The chef showed up at our table with a team of waiters to “sweep” the table with vegan food for the main course, which was quite special and much nicer than a buffet! We got the standard vegan gluten free Mickey waffles that I’ve had at other DL breakfasts, though they were probably the best-browned ones I’ve had. I typically hate them (I just don’t like gluten free most of the time), but they were tolerable for me; people who usually like them will likely love them at Napa Rose. We got tofu scramble that honestly tasted more like tofu than anything else. It was likely seasoned with salt and pepper and not much else, and was cooked (maybe boiled and strained?) but not pan-fried or browned.

It seemed to at least have been prepared by someone who knows how to salt food, and tasted like decent tofu to me. I’d say that anyone who likes the taste of tofu itself would like the scrambled tofu, and thankfully my kids are in that group! They were focused on the Mickey Waffles at Breakfast, but we took the leftovers back to the hotel and they devoured it for dinner. A lot of places excessively season tofu with the assumption that no one likes the actual taste of tofu. My kids love tofu, but don’t like a lot of seasoning, at least if it’s spicy, so this was perfect for them.

Finally, we were given patties of Impossible burger shaped and cooked like breakfast sausage patties. They tasted like burgers, not sausage, but that’s not a bad thing and we loved them. They were served with pickled miniature peppers that were interesting and a good counterpoint to the Impossible meat.

Vegan mains:

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Dessert was a vegan chocolate cake pop (really fudgy and tasty), a vegan macaron, a shot glass of sorbet (again not that imaginative but so well made that we all loved it), and a shot glass of coconut tapioca pudding. All were quite good.

Desserts:

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In addition, there was a cocktail menu with nonalcoholic options. Mocktails were $7 or $7.50 apiece; cocktails were in the $15 range. We enjoyed our mocktails (mixes of juices and sodas; one on the menu was sweetened with honey but could be made with another sweetener. All the rest of the mocktails were vegan. Didn’t look into cocktails because we don’t drink!). None was overly-sweet or one-dimensional. That said, there wasn’t an option that wasn’t fruity and basically sweet.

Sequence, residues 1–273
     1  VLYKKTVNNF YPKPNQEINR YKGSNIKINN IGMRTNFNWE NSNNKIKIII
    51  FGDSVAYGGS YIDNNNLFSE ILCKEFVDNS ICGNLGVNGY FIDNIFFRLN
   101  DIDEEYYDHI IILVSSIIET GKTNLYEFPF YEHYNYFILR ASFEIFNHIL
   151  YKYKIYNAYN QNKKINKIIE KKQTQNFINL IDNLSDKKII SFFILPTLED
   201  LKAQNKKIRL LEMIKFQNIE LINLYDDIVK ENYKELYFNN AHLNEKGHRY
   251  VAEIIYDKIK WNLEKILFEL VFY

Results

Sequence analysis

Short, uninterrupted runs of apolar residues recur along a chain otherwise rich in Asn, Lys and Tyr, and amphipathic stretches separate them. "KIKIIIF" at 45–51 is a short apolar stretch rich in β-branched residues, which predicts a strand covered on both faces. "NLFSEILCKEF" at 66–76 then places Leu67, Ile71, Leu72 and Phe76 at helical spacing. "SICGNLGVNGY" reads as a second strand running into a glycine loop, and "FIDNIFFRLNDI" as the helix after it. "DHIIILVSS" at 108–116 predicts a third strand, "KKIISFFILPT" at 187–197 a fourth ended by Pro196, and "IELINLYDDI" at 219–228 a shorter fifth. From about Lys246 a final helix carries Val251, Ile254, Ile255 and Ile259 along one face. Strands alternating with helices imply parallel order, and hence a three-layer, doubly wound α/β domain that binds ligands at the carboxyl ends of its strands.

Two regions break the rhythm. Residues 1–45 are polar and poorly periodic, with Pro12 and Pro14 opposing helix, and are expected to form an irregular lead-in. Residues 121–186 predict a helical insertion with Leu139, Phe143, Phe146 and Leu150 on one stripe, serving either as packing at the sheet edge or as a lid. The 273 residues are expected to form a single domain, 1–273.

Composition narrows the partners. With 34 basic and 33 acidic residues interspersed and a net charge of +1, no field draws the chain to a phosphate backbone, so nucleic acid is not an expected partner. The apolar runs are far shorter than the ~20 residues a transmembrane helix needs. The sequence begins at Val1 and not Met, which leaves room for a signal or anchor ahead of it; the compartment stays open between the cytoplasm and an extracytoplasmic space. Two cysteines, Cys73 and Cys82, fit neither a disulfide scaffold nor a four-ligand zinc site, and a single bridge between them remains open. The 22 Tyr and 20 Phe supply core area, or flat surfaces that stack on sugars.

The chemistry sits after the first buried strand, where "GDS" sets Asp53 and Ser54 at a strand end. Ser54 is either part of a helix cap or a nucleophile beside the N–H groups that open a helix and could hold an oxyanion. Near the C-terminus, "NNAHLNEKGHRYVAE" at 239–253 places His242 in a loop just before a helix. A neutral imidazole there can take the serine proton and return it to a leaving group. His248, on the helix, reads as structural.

Mocktails:

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Basically, the food was sometimes inspired and sometimes uncreative, but it was always made well and everything was good (maybe except the bread for the corn salad roll, which was dry). The kids got a bunch of little gifts (necklaces for girls, swords and shields for boys; little drawstring backpacks; trading pins; autograph books with pens that cost $9 apiece in other stores at Downtown Disney). The experience overall was nice; fancy-ish but still kid friendly and I didn’t feel out of place in a tee shirt and shorts. I can’t say definitively if it’s worth the incredibly high price, but if I put the cost out of my mind I have nothing bad to say about the experience.”

 

That’s all for now! Please check out my other blog posts for complete guides to eating vegan in Disneyland, California Adventure, Downtown Disney, and the Hotels:

Your Guide to Vegan Options at Disneyland! (June 2019 Update)

Your Guide to Vegan Options in California Adventure! (June 2019 Update)

Your Guide to Vegan Options in Downtown Disney! (June 2019 Update)

Your Guide to Vegan Options at the Disneyland Resort Hotels! (June 2019 Update)

3 comments

  1. Thanks so much for such a detailed explanation of the entire meal. It helps decide whether or not the experience is worth the money. I think my husband and I would one day like to try it for the experience.

    Like